Etc.

Ugh, get it out of my sight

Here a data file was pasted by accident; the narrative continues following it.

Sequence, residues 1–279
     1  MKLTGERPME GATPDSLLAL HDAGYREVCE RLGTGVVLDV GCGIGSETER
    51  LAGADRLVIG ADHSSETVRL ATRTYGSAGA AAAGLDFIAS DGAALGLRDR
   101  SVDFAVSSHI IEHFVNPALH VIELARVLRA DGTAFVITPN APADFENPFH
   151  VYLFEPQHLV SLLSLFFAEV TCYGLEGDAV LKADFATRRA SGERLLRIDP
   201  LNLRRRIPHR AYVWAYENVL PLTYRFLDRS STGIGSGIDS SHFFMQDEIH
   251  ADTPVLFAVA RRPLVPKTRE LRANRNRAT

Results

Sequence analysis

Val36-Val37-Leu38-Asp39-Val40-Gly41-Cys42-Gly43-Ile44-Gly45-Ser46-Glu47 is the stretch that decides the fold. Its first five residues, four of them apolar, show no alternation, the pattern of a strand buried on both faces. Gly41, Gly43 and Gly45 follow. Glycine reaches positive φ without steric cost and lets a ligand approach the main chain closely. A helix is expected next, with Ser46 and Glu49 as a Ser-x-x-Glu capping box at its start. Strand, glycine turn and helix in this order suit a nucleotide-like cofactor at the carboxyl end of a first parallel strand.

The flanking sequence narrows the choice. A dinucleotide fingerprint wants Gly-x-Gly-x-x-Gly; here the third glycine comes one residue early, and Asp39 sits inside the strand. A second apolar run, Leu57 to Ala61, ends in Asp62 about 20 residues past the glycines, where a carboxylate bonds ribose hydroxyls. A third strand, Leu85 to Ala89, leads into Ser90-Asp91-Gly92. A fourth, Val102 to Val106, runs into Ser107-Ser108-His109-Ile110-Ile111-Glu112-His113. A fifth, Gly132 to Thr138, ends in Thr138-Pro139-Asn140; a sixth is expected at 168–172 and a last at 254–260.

Acting on a tip one day last week, police converged on a house in a quiet town in southern England, confronted the woman who answered the door, and confiscated a submachine gun in her possession. A sophisticated one, too: It had been modified to operate with a laser. Oh, no, you might be tempted to think: another terrorist cell that had been arming for an attack. Not so. Catherine Roots of Winfrith, the homeowner, is a grandmother who operates a small farm. In fact, she herself was the tipster ... because having such a menacing weapon under her roof terrified her. Or, as she put it: "I didn't touch it; I didn't know if it would go off." It's true, she signed for it when it arrived by courier from an arms supplier. But that's because she was expecting something quite different – a new harness for one of her horses. "I get a lot of packages," she explained, "[so] I just plunked it down and didn't think about it" at first. So how did such an unlikely mistake happen? Apparently because the shipper (who hasn't been identified) misaddressed the mailing label. Instead of DT2 8DZ, the postal code for police headquarters, where it was supposed to go, it read DT2 8DT. The gun, as it turns out, is strictly for training purposes and fires infrared beams rather than bullets. Thus, delivery by courier was legal. Still, a constable admitted, "It does look like one of our [regular] firearms." As for the supplier, the police are seeking assurances that this will never happen again.

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